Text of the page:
After the temblors and ensued tsunami battered Japan’s North-eastern prefectures, the whole world bemoan the loss of thousands of lives so far on the dilapidated island and expresses the deepest sympathy for Japanese people. Until now, several nuclear reactors are still under great pressure and could be out of control anytime soon.
In the aftermath, The New York Times’s Nicholas Kristof was in Japan looking for any looting, crime and social disturbance, but he could not find any discord on the quite streets that he expected. Kristof was surprised with the perseverance, civility and orderliness that Japanese grimly shined through when they are at bay. It is no doubt that Japanese people have idiosyncrasies which people living in other parts of the world could have never imagined. Ruth Benedict in her must-read “The Chrysanthemum and the Sword” proved it with ample evidences.
You may wonder why natural disaster that devoured much of Japan and Japanese response to such tragedy has anything to do with Canada. But just think if their lives are seriously affected by the nuclear radiation, or a large territory is decimated and no longer suitable for living, then Japanese who seldom grumbles may start to think about the possibility of emigration. And guess which country in the world is the most benevolent to the immigrants? Oh, Canada!
What about the countries those are culturally and geographically closest to Japan? Think further. You don’t expect people with a both strong and narrow sense of nationalism like some stingy Chinese and South Korean patriots would welcome “Japanese devils”, which is a nickname Japanese have been called starting from WWII and until today. And even for Japanese themselves, they would not consider to take the risk to live with these two neighbors together.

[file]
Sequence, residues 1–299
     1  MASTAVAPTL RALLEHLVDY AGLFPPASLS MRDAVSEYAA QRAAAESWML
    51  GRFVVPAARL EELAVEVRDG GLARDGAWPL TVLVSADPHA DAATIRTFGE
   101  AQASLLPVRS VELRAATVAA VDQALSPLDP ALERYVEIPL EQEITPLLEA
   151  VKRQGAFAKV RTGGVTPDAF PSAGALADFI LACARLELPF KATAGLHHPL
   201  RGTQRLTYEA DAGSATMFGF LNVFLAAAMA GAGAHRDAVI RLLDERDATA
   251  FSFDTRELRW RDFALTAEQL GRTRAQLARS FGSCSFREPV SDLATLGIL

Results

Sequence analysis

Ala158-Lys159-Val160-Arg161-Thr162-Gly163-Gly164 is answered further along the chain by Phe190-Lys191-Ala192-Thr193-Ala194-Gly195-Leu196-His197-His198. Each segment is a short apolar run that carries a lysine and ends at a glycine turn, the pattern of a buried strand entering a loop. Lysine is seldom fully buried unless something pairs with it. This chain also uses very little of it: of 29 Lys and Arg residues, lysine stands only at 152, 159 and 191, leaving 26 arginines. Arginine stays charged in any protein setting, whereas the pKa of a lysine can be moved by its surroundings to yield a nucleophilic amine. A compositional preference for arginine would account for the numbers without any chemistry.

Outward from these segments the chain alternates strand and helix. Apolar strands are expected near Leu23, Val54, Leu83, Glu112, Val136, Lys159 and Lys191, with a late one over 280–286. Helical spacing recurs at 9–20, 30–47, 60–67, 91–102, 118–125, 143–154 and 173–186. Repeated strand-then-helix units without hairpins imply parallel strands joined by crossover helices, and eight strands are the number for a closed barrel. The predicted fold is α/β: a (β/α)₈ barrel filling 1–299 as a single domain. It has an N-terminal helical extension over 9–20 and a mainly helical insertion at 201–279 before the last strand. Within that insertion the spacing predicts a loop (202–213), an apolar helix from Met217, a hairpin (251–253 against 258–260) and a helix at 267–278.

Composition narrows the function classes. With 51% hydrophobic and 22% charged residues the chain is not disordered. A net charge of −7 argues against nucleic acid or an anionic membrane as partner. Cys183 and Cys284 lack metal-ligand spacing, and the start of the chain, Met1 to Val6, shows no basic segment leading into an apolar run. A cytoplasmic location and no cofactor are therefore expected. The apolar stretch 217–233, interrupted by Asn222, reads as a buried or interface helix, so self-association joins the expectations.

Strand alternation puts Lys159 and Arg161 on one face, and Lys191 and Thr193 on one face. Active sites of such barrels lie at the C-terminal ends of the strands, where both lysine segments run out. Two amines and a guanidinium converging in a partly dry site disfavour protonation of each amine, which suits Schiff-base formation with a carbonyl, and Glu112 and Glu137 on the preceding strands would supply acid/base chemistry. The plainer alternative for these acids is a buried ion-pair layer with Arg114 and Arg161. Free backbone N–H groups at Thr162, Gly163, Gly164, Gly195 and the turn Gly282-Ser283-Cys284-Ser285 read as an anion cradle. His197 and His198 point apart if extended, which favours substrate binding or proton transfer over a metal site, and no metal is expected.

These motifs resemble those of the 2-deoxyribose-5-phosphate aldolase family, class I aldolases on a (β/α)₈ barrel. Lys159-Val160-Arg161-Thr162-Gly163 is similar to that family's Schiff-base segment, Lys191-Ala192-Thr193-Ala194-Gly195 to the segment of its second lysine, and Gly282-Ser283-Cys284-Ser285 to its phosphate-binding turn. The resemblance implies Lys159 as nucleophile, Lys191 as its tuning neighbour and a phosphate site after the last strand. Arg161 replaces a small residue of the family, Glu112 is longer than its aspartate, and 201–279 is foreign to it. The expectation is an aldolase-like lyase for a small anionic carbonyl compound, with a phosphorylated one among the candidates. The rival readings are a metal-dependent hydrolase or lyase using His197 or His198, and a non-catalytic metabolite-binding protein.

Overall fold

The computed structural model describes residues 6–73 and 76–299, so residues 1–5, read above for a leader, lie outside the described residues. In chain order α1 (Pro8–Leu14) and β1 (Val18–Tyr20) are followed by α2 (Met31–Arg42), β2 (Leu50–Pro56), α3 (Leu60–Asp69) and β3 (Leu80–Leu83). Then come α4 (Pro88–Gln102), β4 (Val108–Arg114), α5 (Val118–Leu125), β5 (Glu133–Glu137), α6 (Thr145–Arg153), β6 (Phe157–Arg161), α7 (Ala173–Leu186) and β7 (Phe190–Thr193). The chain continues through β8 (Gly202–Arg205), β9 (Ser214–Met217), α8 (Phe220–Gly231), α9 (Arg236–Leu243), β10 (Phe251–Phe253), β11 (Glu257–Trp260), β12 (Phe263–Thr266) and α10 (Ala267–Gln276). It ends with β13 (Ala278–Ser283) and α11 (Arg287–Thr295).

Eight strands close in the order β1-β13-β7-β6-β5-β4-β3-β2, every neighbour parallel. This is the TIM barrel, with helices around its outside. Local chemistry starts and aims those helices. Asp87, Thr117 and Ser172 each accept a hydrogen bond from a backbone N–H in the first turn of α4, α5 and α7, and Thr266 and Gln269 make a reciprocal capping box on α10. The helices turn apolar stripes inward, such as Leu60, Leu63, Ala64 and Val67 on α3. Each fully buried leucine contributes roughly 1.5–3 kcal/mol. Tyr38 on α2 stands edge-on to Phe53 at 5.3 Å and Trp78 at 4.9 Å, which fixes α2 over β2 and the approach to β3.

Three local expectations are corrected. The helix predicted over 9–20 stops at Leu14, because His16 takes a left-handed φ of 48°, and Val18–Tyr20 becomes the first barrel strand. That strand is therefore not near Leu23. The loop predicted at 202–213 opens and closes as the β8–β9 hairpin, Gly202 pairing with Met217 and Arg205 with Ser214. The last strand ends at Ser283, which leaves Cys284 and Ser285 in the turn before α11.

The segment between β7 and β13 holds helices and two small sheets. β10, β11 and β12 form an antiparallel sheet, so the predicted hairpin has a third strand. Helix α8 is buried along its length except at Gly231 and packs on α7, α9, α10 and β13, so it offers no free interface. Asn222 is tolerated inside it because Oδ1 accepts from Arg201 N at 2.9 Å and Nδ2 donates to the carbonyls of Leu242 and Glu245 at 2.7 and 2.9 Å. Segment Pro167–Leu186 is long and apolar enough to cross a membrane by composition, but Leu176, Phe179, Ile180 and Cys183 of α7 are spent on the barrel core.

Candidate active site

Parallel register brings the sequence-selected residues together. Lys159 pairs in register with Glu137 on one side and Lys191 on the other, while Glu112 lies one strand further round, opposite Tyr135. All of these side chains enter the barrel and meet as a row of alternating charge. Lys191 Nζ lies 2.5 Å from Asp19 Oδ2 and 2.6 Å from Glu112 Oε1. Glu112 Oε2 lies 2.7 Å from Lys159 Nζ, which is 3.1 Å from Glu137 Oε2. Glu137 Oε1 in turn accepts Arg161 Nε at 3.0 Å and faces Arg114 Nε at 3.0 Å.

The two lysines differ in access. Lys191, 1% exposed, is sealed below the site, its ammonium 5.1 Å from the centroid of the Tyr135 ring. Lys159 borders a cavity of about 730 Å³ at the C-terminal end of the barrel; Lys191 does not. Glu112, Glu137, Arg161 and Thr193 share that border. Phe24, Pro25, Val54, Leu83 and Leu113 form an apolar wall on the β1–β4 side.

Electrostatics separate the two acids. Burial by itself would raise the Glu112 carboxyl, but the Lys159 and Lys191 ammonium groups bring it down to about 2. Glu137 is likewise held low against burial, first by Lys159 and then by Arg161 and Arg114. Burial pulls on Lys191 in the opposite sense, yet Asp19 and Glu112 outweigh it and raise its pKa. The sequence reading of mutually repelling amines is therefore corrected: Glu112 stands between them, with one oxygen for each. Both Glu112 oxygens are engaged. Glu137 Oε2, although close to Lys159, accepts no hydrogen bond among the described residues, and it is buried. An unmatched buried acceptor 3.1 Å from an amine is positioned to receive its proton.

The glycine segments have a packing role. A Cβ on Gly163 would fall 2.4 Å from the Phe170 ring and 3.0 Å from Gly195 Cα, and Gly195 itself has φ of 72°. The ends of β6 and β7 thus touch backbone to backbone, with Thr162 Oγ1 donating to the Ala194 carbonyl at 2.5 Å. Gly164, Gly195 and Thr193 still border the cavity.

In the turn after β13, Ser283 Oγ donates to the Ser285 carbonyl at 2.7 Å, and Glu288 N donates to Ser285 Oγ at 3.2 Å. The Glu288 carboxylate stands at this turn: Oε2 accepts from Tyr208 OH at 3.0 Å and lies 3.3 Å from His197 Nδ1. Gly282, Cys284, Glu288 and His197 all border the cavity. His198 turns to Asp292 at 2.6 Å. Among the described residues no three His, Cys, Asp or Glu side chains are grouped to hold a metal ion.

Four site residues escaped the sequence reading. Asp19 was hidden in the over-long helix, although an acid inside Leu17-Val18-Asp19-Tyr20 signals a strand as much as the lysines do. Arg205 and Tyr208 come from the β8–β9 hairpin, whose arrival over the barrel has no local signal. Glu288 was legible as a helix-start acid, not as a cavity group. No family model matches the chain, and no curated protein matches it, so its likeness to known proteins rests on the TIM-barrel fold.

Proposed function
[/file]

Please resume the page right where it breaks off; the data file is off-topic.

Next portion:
To my Canadian fellows, I do not even need to mention what civility, self-discipline and high skills in various industries do mean to Canada where we are basically lack of all of the above. I still remember how indignant our Japanese professor at University of Toronto was after he saw some guy cut in the line at the bus stop. “This is unacceptable and never going to happen in Japan,” he shouted in our morning class.
At this special moment, for Canadian it is the time to lend a hand to Japanese, and remember, it is also the time to woo Japanese. If we missed this great opportunity, next time please do not tell me that Canada does not have enough well-educated and professionally qualified residents.
March 18, 2011
カナダ移民！ Canada Welcomes You!
1. 投資移民 “INVESTOR CATEGORY”.
2. 個人移民 “INDEPENDENT SKILLED WORKER CLASS”.
3. CEC “CANADIAN EXPERIENCE CLASS”.
4. 企業家移民 “ENTREPRENEUR CATEGORY”.
5. 自営業 “SELF-EMPLOYED CATEGORY”
6. 家族移民 “FAMILY CLASS